Phone addictions go beyond your child’s preoccupation with virtual reality. Scientists are still exploring the many effects of this type of addiction.
According to recent research, over half of all parents are concerned that their teen’s excessive phone use is affecting their mental health.
If you do not want your child to get addicted, here are some things you can do:
1. Monitor your child’s phone screen time
The new apple update (IOS 12) comes with an automatic screen time monitor which allows you to get real-time reports on how much time you or your kids spend on your devices surfing the web, on social media sites or playing games.
This screen time monitor is a great way to keep track of, or set limits on your child’s activities. Learn more about this feature and how to turn it on here.
2. Have interactive Non-tech experiences with them
There are many great ways to keep your keeps off their phones. Consider going out as a family and leave your phones at home. Go outdoors for a picnic, to the amusement park, to see a movie or even stay home playing board games.
Do this as frequently as possible. Your child may not understand now, but in the future, your child will thank you for helping them learn that one can spend quality time with loved ones offline.
3. Arrange Playdates
For your younger children, consider arranging play dates to encourage face to face interaction with peers. The more developed their real-life relationships are, the less likely they are to get addicted to their phones or suffer anxiety from the absence of phones.
4. Connect With your child Virtually
If your child is into games, pick up a child-friendly video game or app, try it first to confirm that it’s not provocative, then play it with your kids. Afterwards, you can ask them what they thought about the game and what they are learning from it.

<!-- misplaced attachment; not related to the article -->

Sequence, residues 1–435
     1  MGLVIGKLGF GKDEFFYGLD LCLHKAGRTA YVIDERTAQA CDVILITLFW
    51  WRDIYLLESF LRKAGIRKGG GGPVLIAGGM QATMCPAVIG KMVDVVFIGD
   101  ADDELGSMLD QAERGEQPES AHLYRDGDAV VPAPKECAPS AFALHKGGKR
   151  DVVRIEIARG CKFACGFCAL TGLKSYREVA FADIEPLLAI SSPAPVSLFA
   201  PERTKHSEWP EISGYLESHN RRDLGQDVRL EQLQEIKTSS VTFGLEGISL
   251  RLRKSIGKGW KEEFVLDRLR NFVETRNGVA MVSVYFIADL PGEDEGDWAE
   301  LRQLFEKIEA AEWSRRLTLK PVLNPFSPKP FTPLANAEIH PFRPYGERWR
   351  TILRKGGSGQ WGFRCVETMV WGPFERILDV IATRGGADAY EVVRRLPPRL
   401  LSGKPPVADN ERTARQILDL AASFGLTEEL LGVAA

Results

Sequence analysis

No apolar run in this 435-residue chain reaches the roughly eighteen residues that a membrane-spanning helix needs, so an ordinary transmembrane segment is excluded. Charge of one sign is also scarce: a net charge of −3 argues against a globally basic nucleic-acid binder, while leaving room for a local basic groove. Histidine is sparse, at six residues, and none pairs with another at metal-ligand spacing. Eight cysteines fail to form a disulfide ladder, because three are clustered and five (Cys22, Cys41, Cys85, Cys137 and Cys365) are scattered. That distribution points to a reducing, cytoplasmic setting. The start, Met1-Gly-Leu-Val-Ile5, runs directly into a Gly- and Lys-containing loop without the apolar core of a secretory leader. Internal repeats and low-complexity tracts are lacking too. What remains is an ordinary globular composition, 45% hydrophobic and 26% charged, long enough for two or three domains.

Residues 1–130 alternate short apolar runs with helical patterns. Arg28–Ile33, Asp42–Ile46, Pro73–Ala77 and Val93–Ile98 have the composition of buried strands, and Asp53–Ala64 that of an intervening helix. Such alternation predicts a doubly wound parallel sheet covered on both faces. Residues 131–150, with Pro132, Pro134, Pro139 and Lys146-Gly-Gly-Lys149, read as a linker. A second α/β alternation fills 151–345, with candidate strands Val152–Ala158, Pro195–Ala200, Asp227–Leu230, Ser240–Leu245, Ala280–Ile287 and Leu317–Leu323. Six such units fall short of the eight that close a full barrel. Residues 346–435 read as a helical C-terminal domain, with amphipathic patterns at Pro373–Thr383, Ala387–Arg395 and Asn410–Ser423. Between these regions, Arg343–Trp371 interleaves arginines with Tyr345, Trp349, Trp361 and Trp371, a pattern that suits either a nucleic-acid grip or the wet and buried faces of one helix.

Connecting with them like this is a great way to spend quality time with them building their trust in you and allows them to have an idea of “game time” taking note that there are specific times set apart for those activities. You can also find out what social media your kids use, create accounts and friend them on it.
5. Consider a Tech Abstinence or “Fast”
For younger children, progressively remove tech devices from their everyday routines for a day, a week, or even a month. Replace these devices with activities like going to the park, reading, playing board games, a family camping trip, etc.
Little by little, try to keep your child away from the leisure use of tech devices. In a few weeks, you will notice a significant change in their behaviours.
For older Children, set competitions within your family about staying off your devices, who can stay offline the longest? Put out rewards such as, getting control of TV time, choosing the next family activity, Cash gift, gift card to a local store, etc. for the family member who can stay the longest.
The rewards you choose must be incentive enough to keep them offline.
In this age, it is getting increasingly impossible to make your children grow up the same way we did – without technology.
Eliminating their use of tech is putting your children at a disadvantage. Rather than the unrealistic “total eradication” of technology, it is our duty as parents to help our kids balance real life and virtual reality.